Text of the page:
Too Cool For School: Frozen Wind Turbines Being ‘Warmed’ Up Using Diesel Powered Generators

Wind power is a fickle critter: wind too slow (no power); wind too fast (no power); wind turbine frozen solid (again, no power).

The habit of freezing up during cold spells is just another reason why wind power will never amount to a meaningful power source, not now, not ever.

Sure, there are ‘solutions’ when these things turn into giant popsicles.

Spraying steam from a diesel-fuelled boiler slung under a helicopter can help remove tonnes of debilitating ice from their blades.

But that doesn’t deal with the inner workings of these things, when bearings, brakes, gearboxes, yaw controls and generators lock-up solid.

Some are equipped with internal heating systems meant to keep their working from doing so. Those heating systems are run from power delivered from the grid – ie, electricity generated with coal-fired power – or even local diesel generators. Which is precisely what’s been happening in the Scottish Highlands. As Jack Montgomery reports below.

Green Fail: Dozens of Scottish Wind Turbines Powered by Diesel Generators, Pour Hydraulic Oil into Countryside
Jack Montgomery
6 February 2023

Scotland’s green-obsessed left-separatist government has been left with egg on its face by revelations that dozens of gigantic onshore wind turbines are having to be hooked up to diesel generators, leaking thousands of litres of hydraulic oil into the countryside.

Scottish Power — led by a Spaniard, Ignacio Galan, and actually a subsidiary of Spanish firm Iberdrola — conceded that some 71 of its turbines had to be hooked up to diesel generators to keep them warm in December, according to the Sunday Mail, with a whistleblower telling the left-leaning newspaper that problems with the turbines are deep-seated.

“During December 60 turbines at Arecleoch and 11 at Glenn App were de-energised due to a cabling fault… In order to get these turbines re-energised diesel generators were running for upwards of six hours a day,” they revealed.

Indeed, the Record went on to say that some 4,000 litres (over 1,000 U.S. gallons) of leaking hydraulic oil was “sprayed over the countryside” by the turbines — a less than environmentally-friendly impact.

“The Scottish Government wants to make our country attractive to foreign investors as 40 per cent of the wind that blows across Europe blows across Scotland. However, that should not mean we put up with our waterways and nature being polluted with carbon from diesel generators and hydraulic oil,” the whistleblower complained to the Mail, evidently a true believer in the climate change agenda.

“People should be aware that, while their energy costs continue to rise, our windfarms are not operating as efficiently as they could be due to corporate greed,” they added — possibly a reference to things like the reported £11 million Scottish Power’s Spanish chairman raked in during 2021, as regular Scots were being crushed beneath sharply rising energy bills.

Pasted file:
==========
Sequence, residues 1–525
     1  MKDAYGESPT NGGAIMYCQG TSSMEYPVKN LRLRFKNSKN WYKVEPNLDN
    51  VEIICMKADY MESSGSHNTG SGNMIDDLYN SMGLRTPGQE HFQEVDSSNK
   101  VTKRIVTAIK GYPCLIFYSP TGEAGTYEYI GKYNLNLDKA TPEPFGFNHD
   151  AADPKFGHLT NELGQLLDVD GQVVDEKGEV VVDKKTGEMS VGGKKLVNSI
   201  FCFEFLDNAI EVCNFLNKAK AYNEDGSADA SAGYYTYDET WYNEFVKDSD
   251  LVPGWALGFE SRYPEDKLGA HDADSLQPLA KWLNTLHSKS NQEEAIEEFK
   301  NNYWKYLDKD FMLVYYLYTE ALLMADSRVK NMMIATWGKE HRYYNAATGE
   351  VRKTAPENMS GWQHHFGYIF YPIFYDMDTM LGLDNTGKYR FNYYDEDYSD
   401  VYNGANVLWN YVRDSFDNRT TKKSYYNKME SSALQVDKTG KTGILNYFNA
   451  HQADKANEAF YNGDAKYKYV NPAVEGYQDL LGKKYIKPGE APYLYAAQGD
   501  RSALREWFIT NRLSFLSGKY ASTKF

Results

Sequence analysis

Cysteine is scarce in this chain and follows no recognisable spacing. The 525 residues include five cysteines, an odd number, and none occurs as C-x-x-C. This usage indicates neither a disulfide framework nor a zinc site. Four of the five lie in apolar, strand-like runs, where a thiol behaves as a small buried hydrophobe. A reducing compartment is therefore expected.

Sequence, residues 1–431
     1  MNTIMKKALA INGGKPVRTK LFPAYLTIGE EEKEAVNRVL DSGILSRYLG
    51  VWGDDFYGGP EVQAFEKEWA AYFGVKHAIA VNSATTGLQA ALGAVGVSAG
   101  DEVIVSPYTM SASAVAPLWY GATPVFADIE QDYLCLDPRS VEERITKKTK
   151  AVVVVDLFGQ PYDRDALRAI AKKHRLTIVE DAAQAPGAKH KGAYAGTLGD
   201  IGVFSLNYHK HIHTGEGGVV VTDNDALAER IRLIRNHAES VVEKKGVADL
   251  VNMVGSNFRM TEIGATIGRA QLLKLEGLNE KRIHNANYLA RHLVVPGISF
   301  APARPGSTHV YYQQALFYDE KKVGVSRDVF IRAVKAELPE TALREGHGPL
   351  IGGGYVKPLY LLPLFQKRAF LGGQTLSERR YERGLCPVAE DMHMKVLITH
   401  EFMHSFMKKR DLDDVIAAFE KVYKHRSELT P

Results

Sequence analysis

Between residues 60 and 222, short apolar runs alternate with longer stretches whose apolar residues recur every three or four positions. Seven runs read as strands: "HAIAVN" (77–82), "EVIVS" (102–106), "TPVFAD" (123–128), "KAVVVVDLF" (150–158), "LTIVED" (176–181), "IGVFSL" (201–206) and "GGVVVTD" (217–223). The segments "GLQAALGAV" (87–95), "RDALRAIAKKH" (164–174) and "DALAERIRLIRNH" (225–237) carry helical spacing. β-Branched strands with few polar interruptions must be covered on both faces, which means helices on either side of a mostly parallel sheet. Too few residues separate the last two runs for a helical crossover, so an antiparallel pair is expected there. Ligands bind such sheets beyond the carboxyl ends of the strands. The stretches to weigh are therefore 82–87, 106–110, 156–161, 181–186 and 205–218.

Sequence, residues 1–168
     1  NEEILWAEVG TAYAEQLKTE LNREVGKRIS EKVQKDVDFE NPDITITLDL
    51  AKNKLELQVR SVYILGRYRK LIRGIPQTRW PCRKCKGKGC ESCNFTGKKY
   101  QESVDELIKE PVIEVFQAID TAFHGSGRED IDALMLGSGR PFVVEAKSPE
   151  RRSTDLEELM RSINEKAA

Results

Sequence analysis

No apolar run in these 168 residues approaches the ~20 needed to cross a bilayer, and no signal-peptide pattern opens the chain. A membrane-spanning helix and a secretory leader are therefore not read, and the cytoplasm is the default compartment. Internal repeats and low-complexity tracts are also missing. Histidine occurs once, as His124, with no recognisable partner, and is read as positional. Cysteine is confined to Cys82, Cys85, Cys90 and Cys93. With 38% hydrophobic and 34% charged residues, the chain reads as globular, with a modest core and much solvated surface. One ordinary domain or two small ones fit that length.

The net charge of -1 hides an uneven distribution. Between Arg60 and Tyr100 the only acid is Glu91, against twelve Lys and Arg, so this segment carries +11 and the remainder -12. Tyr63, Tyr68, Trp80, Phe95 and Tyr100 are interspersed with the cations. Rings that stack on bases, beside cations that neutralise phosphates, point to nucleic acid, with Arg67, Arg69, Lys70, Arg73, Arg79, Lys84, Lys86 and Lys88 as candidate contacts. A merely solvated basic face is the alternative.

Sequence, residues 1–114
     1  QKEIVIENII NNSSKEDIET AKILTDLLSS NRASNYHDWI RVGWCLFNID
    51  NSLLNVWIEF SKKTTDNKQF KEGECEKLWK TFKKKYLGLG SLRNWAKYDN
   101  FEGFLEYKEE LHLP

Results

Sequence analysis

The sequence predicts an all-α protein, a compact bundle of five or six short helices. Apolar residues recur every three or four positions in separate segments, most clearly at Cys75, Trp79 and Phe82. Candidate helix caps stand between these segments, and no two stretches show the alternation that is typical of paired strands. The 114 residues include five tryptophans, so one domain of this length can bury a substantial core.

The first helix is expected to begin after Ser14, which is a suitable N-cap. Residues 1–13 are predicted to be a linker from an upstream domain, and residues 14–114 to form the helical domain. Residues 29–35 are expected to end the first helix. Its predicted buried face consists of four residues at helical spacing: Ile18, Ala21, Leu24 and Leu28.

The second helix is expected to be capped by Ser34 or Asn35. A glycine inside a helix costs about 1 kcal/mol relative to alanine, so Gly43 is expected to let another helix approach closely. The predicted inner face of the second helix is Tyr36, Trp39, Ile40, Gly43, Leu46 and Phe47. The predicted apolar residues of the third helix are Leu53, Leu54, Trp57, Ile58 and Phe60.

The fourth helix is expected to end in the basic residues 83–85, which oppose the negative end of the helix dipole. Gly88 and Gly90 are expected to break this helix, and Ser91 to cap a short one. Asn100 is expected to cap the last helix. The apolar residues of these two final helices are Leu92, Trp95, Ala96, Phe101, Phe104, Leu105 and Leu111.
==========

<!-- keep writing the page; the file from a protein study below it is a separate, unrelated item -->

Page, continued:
Indeed, Richard Tice, the leader of the Reform Party — formerly the Brexit Party — recently complained that some 83 per cent of Britain’s offshore wind turbines are foreign-owned, with the largest single owner being the government of EU-members-state Denmark.

“We British taxpayers are paying huge inflation-linked subsidies to create ever larger profits for the Danish taxpayer. What’s the advantage of that?” Tice demanded.

Colin Smyth, a Member of the Scottish Parliament (MSP) for the leftist Scottish Labour Party in the region, conceded that “having to use diesel generators to de-ice faulty turbines is environmental madness,” attacking Scotland’s devolved government — also led by two other leftist parties, namely the separatist Scottish National Party (SNP) in coalition with the Scottish Greens — for the fact that their “rhetoric on net zero is very different from the reality” and accusing them of “dishonesty”.

However, the Labour Party is itself far from free of wind-related fiascos in Wales, where it runs the devolved government, with a 300-foot behemoth of a wind turbine costing millions of pounds toppling over in the country last year and terrifying local villagers, for instance — apparently due to high winds.

Wind turbines having issues with wind — the resource they are supposed to be able to tap for renewable energy — was far from unheard of prior to this, with other Welsh turbines lighting up like “giant Catherine wheels” after gales caused them to burst into flames in a 2014 incident, for example.



February 23, 2023 at 12:41AM

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